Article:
Curveballs to righties
Very simply, this is a deadly pitch. By and large, Burnett’s was throwing his curveball in 2008 nearly exclusively on the lower, outer edge of the plate. The largest red spot straddles the strike zone line, meaning that it was a 50/50 proposition as to whether the pitch would be called for a strike and making it very difficult for batters to lay off. Burnett also dropped a fair amount of curves in the middle of the zone, and then further out of the zone and down and away. The important thing was being able to command it in the zone, and also having the ability to leave it out of the zone in the attempt to get batters to chase the pitch.
There’s a distinct difference in the 2009 heat map from the 2008 heat map. In this year, Burnett threw far more curveballs in the middle of the plate, but in the lower half of the zone. He also continued his trend of dropping them in on the lower outer edge of the plate and throwing some lower and out of the zone, but the trend in 2009 seemed to be to throw more curveballs towards the center of the strike zone.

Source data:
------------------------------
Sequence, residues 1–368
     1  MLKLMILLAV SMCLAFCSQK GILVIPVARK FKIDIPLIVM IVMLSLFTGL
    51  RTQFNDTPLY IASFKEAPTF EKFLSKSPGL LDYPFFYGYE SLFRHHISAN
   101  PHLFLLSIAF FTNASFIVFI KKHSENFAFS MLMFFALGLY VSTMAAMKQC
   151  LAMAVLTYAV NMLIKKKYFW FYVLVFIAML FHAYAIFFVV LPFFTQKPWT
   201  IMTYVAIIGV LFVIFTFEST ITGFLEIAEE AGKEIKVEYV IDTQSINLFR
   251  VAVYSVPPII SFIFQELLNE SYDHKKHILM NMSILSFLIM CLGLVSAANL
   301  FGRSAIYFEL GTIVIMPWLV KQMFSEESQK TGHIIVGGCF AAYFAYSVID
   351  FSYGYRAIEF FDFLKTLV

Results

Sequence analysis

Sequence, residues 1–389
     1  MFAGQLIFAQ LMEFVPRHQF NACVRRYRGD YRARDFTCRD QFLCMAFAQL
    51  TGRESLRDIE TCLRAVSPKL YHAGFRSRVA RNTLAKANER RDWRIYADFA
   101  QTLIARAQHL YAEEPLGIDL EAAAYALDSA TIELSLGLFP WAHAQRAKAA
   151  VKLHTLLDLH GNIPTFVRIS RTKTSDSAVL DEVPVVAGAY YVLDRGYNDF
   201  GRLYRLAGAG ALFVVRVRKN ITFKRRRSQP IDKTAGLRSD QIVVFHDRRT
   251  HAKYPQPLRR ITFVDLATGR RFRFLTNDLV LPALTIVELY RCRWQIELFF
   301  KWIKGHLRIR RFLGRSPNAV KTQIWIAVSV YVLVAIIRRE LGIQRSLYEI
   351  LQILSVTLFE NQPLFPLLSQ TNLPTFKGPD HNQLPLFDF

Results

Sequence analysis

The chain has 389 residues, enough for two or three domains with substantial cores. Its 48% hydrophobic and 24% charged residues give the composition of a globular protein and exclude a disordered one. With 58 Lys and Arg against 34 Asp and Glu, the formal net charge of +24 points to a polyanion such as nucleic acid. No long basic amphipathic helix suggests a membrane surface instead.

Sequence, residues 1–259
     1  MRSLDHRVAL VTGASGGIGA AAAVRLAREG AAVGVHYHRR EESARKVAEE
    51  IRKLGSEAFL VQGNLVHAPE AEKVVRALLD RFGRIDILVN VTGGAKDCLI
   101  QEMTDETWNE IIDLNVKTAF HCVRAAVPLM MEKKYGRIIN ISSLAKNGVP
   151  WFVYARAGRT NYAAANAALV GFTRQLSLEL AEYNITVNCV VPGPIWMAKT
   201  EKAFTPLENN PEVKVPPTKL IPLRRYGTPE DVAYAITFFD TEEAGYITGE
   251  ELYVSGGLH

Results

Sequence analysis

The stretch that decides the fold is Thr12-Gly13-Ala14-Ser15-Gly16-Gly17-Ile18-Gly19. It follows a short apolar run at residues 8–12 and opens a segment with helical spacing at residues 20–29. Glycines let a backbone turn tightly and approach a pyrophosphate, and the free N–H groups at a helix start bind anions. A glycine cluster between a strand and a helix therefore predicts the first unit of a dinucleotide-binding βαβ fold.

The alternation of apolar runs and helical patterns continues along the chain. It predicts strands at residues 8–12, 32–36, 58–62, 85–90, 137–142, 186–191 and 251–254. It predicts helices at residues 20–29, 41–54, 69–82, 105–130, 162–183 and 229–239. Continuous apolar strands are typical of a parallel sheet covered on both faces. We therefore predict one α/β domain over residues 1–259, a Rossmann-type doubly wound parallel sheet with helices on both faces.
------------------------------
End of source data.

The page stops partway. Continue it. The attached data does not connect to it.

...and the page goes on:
To righties in 2010 we see Burnett leaving a good amount in the lower inner quadrant, as well as directly in the middle of the plate.Burnett is dispersing these curveballs throughout the zone, but clearly shows a problem commanding them in the strikezone. Like curveballs to lefties in 2010, Burnett’s ability to throw the pitch for a strike seemed to abandon him in 2010.
Like many analysts, I’m optimistic that Burnett can bounce back in 2010. There are good reasons to hope for a bounceback, reasons not based solely on the irrational optimism that Spring Training brings to most fans (myself included). Burnett has a new pitching coach, and the new mechanical changes appear to simplify his delivery. If he’s able to recover command of his curveball, Burnett could be a much improved pitcher in 2011. Given the state of the Yankee rotation and the $49.5M he’s due over the next three years, this would surely be a welcome development.